Based on the affidavit testimony of Robert Mitchell and Dennis Ross, and exhibits thereto, the Court finds as follows: (1) this is a specialized industry, having to do with the design of fire houses; (2) two very useful ways for a company to attract new clients in this industry is to (a) advertise the fact that the company has received an architectural award, and (b) advertise the fact that the company has performed previous architectural work; (3) both of these types of advertisements are made, for the most part, at trade shows, which are attended by fire chiefs, commissioners and other fire personnel; (4) a large percentage of both sides' new projects come from these trade shows; (5) only a handful of such trade shows occur each year in the United States, approximately eight such shows occurring in 2009; (6) at the trade shows, customers are likely to be confused, or misled, if two different architectural firms claim to have received the same architectural award, or to have performed the same architectural work; (7) once a customer has hired an architectural firm for a project in this industry, the competing firms have effectively lost that customer for that project; (8) while it is difficult to specify the monetary loss resulting from the loss of any particular project, generally, the cost of each project is in the range of hundreds of thousands, if not millions, of dollars; and (9) because the potential loss of customers is of a continuing nature, the movant would have to pursue damages each time it was injured, if equitable relief were not granted.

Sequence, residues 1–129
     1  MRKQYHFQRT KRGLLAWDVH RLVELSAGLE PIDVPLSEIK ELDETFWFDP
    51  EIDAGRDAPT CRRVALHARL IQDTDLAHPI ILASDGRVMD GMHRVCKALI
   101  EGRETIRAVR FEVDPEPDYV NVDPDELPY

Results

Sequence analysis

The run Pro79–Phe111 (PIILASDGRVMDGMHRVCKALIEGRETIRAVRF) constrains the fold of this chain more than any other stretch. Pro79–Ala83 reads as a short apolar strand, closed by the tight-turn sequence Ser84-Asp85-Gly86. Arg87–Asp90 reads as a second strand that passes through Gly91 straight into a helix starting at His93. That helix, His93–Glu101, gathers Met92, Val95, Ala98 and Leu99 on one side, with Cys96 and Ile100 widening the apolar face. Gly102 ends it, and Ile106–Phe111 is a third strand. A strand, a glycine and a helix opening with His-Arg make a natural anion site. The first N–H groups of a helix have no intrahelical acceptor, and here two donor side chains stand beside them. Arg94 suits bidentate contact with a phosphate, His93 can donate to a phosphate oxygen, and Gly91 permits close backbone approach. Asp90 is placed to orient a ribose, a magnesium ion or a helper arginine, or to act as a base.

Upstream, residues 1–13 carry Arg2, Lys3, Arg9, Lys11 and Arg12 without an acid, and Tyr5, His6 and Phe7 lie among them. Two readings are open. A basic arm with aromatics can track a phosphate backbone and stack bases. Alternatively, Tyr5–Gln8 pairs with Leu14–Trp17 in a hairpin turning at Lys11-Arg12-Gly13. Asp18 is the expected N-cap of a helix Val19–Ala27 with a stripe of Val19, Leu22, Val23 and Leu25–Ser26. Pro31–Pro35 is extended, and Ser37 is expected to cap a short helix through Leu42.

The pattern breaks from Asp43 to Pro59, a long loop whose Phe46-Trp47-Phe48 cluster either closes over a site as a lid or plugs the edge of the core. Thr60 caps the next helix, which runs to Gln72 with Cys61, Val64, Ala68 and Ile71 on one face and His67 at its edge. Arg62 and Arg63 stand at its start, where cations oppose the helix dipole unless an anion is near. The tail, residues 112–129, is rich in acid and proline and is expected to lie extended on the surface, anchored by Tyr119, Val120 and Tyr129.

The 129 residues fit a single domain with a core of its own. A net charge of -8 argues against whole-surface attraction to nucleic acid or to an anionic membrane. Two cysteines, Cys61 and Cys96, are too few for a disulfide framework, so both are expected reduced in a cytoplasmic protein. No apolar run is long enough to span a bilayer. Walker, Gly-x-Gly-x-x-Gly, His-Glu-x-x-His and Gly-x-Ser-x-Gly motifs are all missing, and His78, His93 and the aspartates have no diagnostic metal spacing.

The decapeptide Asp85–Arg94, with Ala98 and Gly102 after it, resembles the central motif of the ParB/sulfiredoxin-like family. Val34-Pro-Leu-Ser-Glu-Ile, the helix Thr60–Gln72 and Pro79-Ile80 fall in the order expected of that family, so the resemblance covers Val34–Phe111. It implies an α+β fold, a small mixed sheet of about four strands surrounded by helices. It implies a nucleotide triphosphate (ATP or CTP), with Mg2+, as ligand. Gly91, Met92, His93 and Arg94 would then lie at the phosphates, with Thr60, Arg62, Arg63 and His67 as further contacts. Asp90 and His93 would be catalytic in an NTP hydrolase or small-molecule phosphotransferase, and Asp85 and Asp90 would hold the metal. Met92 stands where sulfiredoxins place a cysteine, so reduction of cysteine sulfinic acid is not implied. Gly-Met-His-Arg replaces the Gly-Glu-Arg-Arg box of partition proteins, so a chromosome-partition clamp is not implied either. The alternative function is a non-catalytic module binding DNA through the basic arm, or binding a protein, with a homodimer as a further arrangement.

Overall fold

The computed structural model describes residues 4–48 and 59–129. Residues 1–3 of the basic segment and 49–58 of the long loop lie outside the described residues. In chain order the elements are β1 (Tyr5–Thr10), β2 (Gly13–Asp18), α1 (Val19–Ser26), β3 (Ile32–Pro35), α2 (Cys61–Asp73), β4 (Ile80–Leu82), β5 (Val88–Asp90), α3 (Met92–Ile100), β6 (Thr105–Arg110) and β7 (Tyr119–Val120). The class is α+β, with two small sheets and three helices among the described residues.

As a result, the Court concludes that both sides have established a likelihood of irreparable harm if the requested relief is denied.
B. Second Requirement--Probability of Success on Merits
Section 43(a) of the Lanham Act gives rise to two causes of action: (1) a claim based on the false designation of a product's origin; and (2) a claim based on the false advertising regarding a product.